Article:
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Talking to Customers About Rate Increases (Conclusion)

“Over the past few years, my cost per pound has gone up, and it’s reached a point that I must pass costs onto my customers. How can I best approach them about rate increases?”

Equipment/Supply Distribution: Ross Sanders, Streamline Solutions, Orlando, Fla.

Ross Sanders
Ross Sanders

As a plastic bag supplier to the laundry industry where our costs are primarily dictated by oil, we know exactly what our laundry customers feel over these last couple of years because our cost per pound to produce has gone up as well. 

For us, the best approach that we have is to simply have a conversation with our customers about the reasons behind the necessary price changes. 

There is not anyone out there who is a fan of accepting price increases, but we all know that just because we all have to tell our customers that our prices to them will be increased, we will not be making any more money because of that price change. And I think that is important to remind people of that being the case. 

There is never anything more important than having a true and open conversation with someone on the reasons why price changes need to be made. Not to just send someone an e-mail without an important discussion. 

It also allows both the vendor (the laundry) and the customer the opportunity to see what different options that could be put on the table that could be beneficial to both to help alleviate some of the price increase pain.

Over these last couple of years, we all know of the issues with pricing that have arisen across the board due to supply-chain issues, oil prices, transportation costs, etc. Because of that, most people can certainly understand why you as a vendor will have to increase your customer’s final cost. 

That, of course, doesn’t make it any easier as your customers are getting the same types of increases from all their supply and service vendors. Eventually, your customers may say, “Enough is enough.” 

I can’t speak for anyone else, but we have always had a history of having backup information available concerning the “where and why” of what has been going on in the marketplace. 

Already having a truly good personal relationship with your customers certainly makes situations easier to handle and more acceptable to your customers.

It is certainly hard to tell anyone reading my comments on how to run their business, but like anything else, you want to treat your customers the same way that you want to be treated yourself. 

As mentioned earlier, that is why I feel that an open and honest conversation about your situation, the world market and the reasons why your costs have increased would no doubt make the tough job of explaining why a price increase to your customers would hopefully end up being a result that your customer can accept and respect.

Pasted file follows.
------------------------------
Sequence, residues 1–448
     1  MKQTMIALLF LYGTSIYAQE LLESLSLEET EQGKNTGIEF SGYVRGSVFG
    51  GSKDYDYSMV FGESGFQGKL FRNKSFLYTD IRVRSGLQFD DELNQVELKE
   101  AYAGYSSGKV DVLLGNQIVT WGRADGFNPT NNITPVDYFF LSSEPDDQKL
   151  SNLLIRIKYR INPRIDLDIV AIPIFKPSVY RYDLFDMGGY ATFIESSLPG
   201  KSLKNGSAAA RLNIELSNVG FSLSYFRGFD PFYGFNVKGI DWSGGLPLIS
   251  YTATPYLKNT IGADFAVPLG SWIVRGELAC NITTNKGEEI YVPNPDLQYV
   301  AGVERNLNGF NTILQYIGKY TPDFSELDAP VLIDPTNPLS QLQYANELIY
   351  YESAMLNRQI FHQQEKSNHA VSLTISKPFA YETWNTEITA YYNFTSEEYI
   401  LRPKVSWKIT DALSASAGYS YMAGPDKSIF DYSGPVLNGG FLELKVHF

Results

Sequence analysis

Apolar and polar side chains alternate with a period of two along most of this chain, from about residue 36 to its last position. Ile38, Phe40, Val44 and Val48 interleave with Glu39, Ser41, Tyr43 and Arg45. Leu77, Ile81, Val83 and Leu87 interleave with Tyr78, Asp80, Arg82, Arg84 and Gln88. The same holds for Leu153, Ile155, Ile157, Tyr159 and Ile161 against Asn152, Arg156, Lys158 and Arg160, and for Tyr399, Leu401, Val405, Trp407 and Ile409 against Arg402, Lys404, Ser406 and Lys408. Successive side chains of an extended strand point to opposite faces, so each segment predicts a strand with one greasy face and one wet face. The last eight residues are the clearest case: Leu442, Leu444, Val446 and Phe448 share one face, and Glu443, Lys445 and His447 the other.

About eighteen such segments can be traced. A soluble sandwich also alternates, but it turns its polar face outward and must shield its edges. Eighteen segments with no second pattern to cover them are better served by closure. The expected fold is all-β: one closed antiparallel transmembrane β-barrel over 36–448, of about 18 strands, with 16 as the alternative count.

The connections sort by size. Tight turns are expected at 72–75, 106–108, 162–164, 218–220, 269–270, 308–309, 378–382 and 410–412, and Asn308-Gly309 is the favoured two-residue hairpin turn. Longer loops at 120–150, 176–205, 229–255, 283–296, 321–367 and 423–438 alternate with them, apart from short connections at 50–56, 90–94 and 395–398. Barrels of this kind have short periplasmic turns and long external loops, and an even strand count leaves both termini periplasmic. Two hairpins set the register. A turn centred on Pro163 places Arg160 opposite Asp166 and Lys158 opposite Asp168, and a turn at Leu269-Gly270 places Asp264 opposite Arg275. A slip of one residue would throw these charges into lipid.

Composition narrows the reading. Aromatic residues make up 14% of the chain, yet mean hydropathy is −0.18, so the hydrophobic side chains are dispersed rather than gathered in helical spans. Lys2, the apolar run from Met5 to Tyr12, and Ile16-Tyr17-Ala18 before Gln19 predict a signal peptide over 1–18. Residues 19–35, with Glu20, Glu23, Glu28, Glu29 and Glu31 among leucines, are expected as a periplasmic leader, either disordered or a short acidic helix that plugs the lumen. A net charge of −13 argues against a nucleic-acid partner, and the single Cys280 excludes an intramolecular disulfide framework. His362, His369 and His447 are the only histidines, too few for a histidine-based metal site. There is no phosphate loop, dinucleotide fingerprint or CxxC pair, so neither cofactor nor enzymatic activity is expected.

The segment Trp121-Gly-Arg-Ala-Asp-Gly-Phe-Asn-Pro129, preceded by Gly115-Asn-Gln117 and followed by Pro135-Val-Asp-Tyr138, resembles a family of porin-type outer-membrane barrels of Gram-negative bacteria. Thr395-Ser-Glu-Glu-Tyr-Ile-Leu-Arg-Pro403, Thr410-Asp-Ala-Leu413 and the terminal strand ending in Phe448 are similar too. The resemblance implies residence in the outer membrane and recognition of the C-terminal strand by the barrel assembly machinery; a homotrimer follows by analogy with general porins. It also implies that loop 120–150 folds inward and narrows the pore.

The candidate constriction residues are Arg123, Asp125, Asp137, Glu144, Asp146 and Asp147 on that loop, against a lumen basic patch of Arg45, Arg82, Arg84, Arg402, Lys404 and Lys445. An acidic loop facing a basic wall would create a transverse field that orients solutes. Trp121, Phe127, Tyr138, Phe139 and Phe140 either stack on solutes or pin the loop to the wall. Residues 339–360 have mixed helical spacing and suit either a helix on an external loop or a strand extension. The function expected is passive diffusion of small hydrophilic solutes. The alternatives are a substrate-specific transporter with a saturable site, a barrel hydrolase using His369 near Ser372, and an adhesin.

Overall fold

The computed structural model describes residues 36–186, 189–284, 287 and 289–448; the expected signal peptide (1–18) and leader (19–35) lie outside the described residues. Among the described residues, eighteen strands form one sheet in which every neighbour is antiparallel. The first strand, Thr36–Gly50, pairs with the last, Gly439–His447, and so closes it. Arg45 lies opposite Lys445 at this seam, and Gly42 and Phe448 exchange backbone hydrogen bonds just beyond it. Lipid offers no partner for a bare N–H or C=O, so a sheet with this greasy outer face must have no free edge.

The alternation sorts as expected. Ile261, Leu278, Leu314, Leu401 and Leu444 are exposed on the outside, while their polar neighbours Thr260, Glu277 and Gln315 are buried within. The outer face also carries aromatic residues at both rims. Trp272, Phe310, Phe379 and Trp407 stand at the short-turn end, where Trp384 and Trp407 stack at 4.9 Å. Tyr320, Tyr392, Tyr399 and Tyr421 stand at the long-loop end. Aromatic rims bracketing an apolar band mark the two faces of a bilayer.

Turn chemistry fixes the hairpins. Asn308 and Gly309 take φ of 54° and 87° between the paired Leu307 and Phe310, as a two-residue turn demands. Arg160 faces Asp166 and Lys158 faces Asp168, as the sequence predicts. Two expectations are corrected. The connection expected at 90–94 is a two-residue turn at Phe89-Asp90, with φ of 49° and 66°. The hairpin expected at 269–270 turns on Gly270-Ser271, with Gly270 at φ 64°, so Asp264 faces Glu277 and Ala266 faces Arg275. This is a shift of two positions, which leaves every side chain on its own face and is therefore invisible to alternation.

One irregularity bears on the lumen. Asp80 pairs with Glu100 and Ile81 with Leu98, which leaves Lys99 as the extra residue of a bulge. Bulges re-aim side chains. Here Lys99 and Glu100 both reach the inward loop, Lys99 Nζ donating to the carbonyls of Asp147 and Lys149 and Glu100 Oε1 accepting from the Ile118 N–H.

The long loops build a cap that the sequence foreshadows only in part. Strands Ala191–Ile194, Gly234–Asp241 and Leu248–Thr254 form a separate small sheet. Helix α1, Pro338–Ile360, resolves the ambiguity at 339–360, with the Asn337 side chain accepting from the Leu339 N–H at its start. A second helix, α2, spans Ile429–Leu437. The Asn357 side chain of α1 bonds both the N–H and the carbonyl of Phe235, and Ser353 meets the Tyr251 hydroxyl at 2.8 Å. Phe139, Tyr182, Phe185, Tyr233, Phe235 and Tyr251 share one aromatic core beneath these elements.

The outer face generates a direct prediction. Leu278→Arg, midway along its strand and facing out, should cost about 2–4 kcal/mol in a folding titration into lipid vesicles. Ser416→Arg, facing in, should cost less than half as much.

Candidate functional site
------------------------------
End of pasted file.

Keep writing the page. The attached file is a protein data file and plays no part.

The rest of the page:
Textile/Uniform Rental: W. Kirby Wagg, Performance Matters, Sarasota, Fla.

W. Kirby Wagg
W. Kirby Wagg

There are obviously many ways to approach customers about rate increases. Every company and every customer is unique. 

Do you alert every customer about the increase? Do you communicate the whole story, or do you just push it through? Is it a substantial annual increase or are they quarterly increases?

After over 45 years in the industry, experience has taught me to be transparent to the customer base with price increases, policy changes and service changes. When a company has phenomenal service, this means that it:  

  • Delivers on time. 
  • Has a quality product.
  • Services and sells the client on every benefit.

Then the price increase is usually seamless. Always have a positive vibe to your message. Do not focus on the negative aspects of increasing costs, supplier change issues, delivery costs and rising utility costs because every other company focuses on them.

There are always customers whom you may give extra attention. The owner or sales/service manager of your company usually will have a conversation well in advance of the change with the main contact person of your client to explain the price increase or major service changes. 

Be prepared with your message and let them know how the price increase will benefit them.

A notice should be sent out at least 30 days prior to any service/price changes and use this opportunity to let the customer know about your superior customer service. 

Let them know that in this changing economy, we understand that we must continue to focus on offering our customers consistent quality products and superior customer service. Be transparent and guarantee the highest satisfaction levels for your business partners.

A poor strategy is to have the item price reflecting all the charges of that item on one line with no service, no utility, no environmental, no fuel, and no loss and damage (ancillary) charges. The drawback is your competitors will quote a low item per piece cost and not reveal the ancillary charges on the quote, which, when added up, may be a total higher than your item charges. 

To combat the onset of competitors learning of your price increase and targeting your customer base, have a program in place to tackle agreement extensions well in advance. 

This may be the time to negotiate the pricing for the next few years so there is no need to alert your customers about the price increase. All your sales and service staff must be included in the communication of this policy. 

At Wagg’s Linen & Uniform, we incentivized our service and office staff on agreement extensions and there was no pushback on price increases.

My experience with pricing is to have a fair item cost and be transparent with service charges; keep it simple and clean.

Click HERE to read Part 1 with advice from consulting services, chemicals supply, hotel/motel/resort laundry experts.

Have a question or comment? E-mail our editor Matt Poe at [email protected].